A young woman named MalalaYousafzai has recently become famous for her passion for women’s education. This is because it is a passion that survived the spread of the anti-education Taliban regime in her home region, and an attempt on her life that very nearly succeeded. Since she survived a gunshot wound she received from the Taliban, Malala has only made the education of women more important and the need for it has been more greatly emphasized in every venue. She has spoken at the UN and been nominated for a Nobel Peace Prize at the age of 16.

When Malala gave her speech at the UN, this is how she described the battle over education:

“The wise saying, “The pen is mightier than sword” was true. The extremists are afraid of books and pens. The power of education frightens them. They are afraid of women.”

Extremism is one impediment to education. There are others: child marriage, conflict, poverty, and lack of materials. While reading an essay regarding race and culture in literature, by a blogger from India, the author made an astounding statement that ought to knock a few of us out of our seats:

“The books available in one fourth grade classroom at a low-income Minneapolis charter school where I have worked outnumber the entirety of books my private primary school in Delhi made available to me (And I reiterate, I am nothing but privileged in India).”

multiracial kids holding handsMalala Yousafzai is from Pakistan, where just over half of the country’s adult population is literate, while just under 71% of the youth bracket can read. Only 29% of girls moved on to secondary education according to 2011 statistics. In most developing countries, female literacy rates lag behind male literacy rates—both are often below what is desirable. Some gaps between male and female literacy are minor, such as in Iraq where the disparity is only 4%. Some are drastic, as in Senegal where female literacy is almost 20% less in the youth bracket.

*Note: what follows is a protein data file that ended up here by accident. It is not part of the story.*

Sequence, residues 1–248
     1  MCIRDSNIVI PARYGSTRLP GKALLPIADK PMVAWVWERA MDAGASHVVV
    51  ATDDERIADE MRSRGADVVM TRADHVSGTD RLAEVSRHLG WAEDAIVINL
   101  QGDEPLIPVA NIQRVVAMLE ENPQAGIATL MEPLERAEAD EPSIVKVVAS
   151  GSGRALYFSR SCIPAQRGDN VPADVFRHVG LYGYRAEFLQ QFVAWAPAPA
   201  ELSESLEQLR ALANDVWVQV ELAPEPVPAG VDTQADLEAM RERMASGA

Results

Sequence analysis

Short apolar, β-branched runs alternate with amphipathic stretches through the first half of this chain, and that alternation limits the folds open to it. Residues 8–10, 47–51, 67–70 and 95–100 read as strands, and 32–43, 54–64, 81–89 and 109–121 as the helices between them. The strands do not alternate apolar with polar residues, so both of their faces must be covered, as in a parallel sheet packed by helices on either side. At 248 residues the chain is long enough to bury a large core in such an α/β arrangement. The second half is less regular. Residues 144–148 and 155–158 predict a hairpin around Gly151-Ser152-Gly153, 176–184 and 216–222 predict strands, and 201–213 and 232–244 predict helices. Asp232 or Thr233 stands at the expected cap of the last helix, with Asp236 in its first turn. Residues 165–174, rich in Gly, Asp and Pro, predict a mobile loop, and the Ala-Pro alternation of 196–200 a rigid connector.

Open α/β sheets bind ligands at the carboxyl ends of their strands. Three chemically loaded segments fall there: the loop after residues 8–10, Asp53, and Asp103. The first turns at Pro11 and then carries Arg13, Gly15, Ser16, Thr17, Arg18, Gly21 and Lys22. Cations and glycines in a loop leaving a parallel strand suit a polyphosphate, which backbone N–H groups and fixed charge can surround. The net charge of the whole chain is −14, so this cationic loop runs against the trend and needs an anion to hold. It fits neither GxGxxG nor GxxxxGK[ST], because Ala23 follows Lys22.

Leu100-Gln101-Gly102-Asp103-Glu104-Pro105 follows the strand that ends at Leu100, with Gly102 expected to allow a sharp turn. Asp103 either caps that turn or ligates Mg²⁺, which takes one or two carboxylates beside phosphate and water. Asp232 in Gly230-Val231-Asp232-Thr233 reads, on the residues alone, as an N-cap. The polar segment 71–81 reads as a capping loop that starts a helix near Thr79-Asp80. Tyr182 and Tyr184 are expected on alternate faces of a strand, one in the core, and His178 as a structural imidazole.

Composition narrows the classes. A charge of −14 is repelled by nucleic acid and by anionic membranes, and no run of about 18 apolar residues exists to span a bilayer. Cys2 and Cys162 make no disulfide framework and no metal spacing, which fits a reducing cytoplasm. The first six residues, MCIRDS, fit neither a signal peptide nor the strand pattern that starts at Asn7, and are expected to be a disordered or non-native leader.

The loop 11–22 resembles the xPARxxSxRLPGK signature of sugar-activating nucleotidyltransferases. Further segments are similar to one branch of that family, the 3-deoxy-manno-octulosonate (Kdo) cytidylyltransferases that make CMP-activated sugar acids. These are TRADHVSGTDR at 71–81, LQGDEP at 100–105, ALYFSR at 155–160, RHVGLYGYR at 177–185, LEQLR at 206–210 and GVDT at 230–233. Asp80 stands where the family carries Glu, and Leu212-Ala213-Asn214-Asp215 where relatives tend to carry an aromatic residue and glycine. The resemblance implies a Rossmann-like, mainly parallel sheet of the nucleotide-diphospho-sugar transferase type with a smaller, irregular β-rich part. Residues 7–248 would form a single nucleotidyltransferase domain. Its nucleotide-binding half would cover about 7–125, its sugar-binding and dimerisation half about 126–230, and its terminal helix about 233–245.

The impact of improved education for women—and for everyone—can be dramatic:

“A recent study of 19 developing countries, including Egypt, Jordan, and Tunisia, concluded that a country’s long-term economic growth increases by 3.7 percent for every year the adult population’s average level of schooling rises.”

Women’s education in particular has a stark statistical correlation to decreased infant mortality rates, and curbed population growth. Girls with education are also significantly less likely to contract HIV. In fact, the influence of education is so strong against the spread of HIV, that it is even referred to as a “social vaccine.”

The good thing is that in many countries there are signs of improvement, and there are many individuals—such as Malala—and organizations which are dedicated to the work of improving women’s education in these countries, and in so doing, improving their countries in a wide variety of ways.

Many in the West take education for granted. When we take a look at what many have to go through just to get a basic education, those who have such easy access to basic and higher education should count their blessings and, hopefully, ask themselves: what can be done to help girls in regions like Malala’s to promote widespread, good education?


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